In another blow to BlackBerry, Facebook is following the messaging app the company owns, WhatsApp, and discontinuing support of its essential APIs for BlackBerry 10 and BBOS at the end of 2016. This means Facebook Messenger will no longer be supported on BlackBerry.
The announcement was made through BlackBerry's blog, with the company expressing its extreme disappointment in the decision. It's another big blow for the one dominant smartphone maker that has fallen behind iOS and Android.
"We fought back to work with WhatsApp and Facebook to change their minds, but at this time, their decision stands," Lou Igazzola, who leads BlackBerry's app ecosystem and developer outreach team, wrote in a blog post. "The app landscape continues to evolve, and in ways that are not always within our control."
Igazzola noted the company is continuing whenever it can to invest in apps important to users, such as the update to the Twitter app released earlier this month, with important fixes and another update with new features coming in a month.
WhatsApp, which boasted more than 1 billion users globally as of February, was bought by Facebook in February 2014 for $19 billion.
In a blog post explaining the decision, WhatsApp noted that after seven years in operation, it had decided to focus its efforts on the mobile platforms the vast majority of people use, which excludes BlackBerry, as well as Nokia S40 and Nokia Symbian S60, Android 2.1 and Android 2.2, and Windows Phone 7.1.
"While these mobile devices have been an important part of our story, they don't offer the kind of capabilities we need to expand our app's features in the future," according to WhatsApp. "This was a tough decision for us to make, but the right one in order to give people better ways to keep in touch with friends, family, and loved ones using WhatsApp."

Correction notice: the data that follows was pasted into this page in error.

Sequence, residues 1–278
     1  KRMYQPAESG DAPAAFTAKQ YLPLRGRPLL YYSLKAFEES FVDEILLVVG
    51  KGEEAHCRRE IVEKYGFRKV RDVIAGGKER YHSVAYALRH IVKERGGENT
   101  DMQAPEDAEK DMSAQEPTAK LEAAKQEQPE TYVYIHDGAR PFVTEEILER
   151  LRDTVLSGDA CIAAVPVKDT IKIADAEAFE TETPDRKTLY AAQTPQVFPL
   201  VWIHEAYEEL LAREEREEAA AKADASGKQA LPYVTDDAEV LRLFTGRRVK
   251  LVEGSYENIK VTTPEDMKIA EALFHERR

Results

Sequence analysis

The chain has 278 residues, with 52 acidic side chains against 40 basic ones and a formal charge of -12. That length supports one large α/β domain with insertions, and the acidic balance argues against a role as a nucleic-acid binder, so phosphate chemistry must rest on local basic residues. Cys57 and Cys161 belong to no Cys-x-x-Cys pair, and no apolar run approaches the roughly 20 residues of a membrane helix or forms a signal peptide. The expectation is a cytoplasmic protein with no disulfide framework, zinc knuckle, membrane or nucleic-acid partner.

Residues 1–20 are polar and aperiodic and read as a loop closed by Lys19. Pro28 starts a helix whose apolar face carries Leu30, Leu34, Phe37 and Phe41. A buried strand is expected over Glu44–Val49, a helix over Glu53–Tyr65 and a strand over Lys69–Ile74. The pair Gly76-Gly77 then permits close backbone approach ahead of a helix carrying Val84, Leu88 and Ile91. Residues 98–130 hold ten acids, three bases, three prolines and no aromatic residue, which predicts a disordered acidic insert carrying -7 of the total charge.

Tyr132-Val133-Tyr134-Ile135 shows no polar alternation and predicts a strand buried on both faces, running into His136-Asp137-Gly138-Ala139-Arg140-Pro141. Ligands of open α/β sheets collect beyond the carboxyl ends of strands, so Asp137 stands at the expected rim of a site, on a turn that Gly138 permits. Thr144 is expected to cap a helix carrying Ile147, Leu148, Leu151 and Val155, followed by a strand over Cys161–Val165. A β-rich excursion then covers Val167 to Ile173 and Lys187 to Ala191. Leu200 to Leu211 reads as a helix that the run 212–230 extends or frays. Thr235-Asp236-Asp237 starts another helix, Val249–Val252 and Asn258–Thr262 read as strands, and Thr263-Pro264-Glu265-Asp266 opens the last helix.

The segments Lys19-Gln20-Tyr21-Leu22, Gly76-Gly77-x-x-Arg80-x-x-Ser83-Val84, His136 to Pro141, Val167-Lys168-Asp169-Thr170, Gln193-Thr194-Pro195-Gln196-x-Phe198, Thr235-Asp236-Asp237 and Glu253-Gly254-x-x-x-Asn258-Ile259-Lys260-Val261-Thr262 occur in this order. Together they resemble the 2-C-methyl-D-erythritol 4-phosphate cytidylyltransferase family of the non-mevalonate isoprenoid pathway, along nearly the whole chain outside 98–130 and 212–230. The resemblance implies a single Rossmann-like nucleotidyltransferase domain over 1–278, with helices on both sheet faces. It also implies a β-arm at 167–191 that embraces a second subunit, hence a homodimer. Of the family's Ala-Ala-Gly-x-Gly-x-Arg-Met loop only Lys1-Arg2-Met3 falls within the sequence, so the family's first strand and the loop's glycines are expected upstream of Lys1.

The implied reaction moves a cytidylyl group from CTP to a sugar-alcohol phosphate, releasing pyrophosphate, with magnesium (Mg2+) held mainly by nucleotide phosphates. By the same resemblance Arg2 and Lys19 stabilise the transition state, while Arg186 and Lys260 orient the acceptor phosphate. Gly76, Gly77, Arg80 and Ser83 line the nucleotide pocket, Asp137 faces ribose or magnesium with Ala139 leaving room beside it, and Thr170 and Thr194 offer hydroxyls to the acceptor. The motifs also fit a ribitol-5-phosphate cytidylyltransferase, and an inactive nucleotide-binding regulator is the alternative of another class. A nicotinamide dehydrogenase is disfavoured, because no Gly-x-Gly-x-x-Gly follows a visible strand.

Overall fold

Losing two widely used messaging apps is a double whammy for BlackBerry, once cherished by millions of users for its secure messaging capabilities and its beloved QWERTY keyboard.
While the company is still limping along, the dual decisions could indicate a "death by a thousand cuts" slump for BlackBerry. In today's app-centric world, where must-have applications are the lifeblood of any successful smartphone platform, a platform cannot survive without essential apps, whether they are business-oriented or social media.
While BlackBerry 10 is a relatively new platform in the grand scheme of things -- Apple's iOS and Google's Android operating systems had a long periods of ecosystem development -- BlackBerry's handset sales figures show the operating system is already on life support, something that looks unlikely to change soon.
BlackBerry CEO John S. Chen has said numerous times that if BlackBerry can't make a profit selling hardware, it will stop selling hardware altogether -- something that seems more and more like a self-fulfilling prophecy as the most recent quarterly report from BlackBerry points to shipments of only 700,000 units.
However, Chen predicts that the business will achieve sustainable profitability during the 2017 fiscal year, with the improvement was driven by increases in revenue for both software and hardware.
"I've said that if we cannot make money we're going to get out of the phone business, and I mean hardware," said Chen, noting that BlackBerry's software could run on Apple, Android, or Windows smartphones. "We will remain in the phone business one way or the other."